Surgery is the mainstay of treatment for patients with CRC. The majority of cases are treated by hemi-colectomy for colonic tumours, and anterior resection or abdomino-perineal resection for rectal cancers. Early stage I lesions may be treated by endoscopic resection for colonic cancer, and by transrectal endoscopic micro-dissection in the rectum. There is a recognised 30-day mortality rate of 5% to 10% after major surgery. There is no consistent evidence that the presence of diabetes influences this rate [12].

Radiotherapy

Pre-operative radiotherapy, either alone (known as short-course) or in combination with chemotherapy (known as long-course) is widely used across Europe in patients with rectal cancers. There is evidence from the Eindhoven Tumour Registry that patients with diabetes may receive pre-operative radiotherapy less often than patients without diabetes[13].

Chemotherapy

Chemotherapy is used in patients with CRC in two broad settings: (i) adjuvant chemotherapy after initial surgical resection in patients with high-risk of disease progression (e.g. nodal involvement); and (ii) metastatic disease, where the benefit is one of survival prolongation. The commonest cytotoxic agents are 5-fluorouracil, 5-FU (known as capecitabine in its oral format), oxaliplatin, and irinotecan. Newer agents are known as targeted therapies and include EGFR inhibitors (e.g. cetuximab) and anti-VEGF therapies (e.g. bevacizumab). 5-FU is the traditional agent used in adjuvant chemotherapy trials. Data from one large randomised trial reported that the presence of diabetes at trial entry was associated worse overall survival [14]. However, these result need to be interpreted in the context of the clinical practice of ‘dose capping’, which commonly practiced by oncologists in patients above a BSA (body surface area) > 2 – whether or not mandated by trial protocol – despite evidence that obese patients tolerate well doses based on their body weight [15].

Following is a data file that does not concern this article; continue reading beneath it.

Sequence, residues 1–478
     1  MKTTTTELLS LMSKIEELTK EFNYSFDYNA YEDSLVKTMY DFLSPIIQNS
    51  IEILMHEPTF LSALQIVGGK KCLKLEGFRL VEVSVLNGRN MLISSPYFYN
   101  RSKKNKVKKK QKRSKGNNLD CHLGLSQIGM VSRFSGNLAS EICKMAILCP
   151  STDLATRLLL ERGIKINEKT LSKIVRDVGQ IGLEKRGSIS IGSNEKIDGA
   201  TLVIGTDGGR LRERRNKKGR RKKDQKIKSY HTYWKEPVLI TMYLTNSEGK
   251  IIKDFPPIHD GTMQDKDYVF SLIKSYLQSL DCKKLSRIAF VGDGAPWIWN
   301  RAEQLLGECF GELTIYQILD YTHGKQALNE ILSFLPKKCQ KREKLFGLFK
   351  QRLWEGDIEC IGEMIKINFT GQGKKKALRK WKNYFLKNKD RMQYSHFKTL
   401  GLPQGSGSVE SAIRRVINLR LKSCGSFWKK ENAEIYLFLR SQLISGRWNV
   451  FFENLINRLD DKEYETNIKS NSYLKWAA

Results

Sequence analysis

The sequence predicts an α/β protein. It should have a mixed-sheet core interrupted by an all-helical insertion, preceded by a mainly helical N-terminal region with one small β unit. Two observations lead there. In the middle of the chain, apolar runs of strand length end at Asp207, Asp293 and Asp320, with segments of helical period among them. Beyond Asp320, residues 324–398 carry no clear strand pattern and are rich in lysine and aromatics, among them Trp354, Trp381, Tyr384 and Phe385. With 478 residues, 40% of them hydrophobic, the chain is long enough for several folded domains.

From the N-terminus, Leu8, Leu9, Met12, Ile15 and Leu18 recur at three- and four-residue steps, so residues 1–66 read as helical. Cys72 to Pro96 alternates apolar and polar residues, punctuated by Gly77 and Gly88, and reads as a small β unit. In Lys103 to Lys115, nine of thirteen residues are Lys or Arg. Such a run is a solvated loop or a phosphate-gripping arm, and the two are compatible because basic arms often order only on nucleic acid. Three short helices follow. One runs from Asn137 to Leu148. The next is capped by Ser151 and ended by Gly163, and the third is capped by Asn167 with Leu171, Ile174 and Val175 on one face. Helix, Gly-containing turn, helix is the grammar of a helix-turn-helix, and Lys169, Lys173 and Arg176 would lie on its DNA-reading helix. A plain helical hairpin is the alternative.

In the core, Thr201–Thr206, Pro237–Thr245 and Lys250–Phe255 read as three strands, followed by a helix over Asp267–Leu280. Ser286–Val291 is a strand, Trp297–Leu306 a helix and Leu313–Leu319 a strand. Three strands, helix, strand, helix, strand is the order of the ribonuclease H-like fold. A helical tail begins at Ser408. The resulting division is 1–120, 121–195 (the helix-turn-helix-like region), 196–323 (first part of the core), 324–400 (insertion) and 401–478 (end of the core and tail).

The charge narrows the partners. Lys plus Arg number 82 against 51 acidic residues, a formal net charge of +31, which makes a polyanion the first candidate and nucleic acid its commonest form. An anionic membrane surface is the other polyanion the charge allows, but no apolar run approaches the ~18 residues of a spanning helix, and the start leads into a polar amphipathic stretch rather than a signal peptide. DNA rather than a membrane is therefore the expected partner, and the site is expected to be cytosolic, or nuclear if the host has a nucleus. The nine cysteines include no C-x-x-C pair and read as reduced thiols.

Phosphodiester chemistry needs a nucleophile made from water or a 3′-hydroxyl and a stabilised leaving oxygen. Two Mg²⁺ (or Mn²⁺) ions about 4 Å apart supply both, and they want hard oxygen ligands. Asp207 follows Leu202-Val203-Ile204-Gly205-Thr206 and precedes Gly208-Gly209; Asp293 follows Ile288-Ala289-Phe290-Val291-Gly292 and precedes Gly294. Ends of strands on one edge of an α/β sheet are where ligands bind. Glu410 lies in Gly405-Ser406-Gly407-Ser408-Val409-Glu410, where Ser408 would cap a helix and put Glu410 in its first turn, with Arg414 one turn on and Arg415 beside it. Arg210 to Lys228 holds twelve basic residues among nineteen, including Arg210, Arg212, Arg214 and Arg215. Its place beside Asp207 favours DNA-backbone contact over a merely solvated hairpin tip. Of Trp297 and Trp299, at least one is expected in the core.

Combinational regimens of 5-FU (or capecitabine) with oxaliplatin are increasingly common, and more effective than 5-FU alone, but tolerance is most commonly limited by the development of peripheral neuropathy. Recent data suggests that patients with T2D are more vulnerable to this complication[16].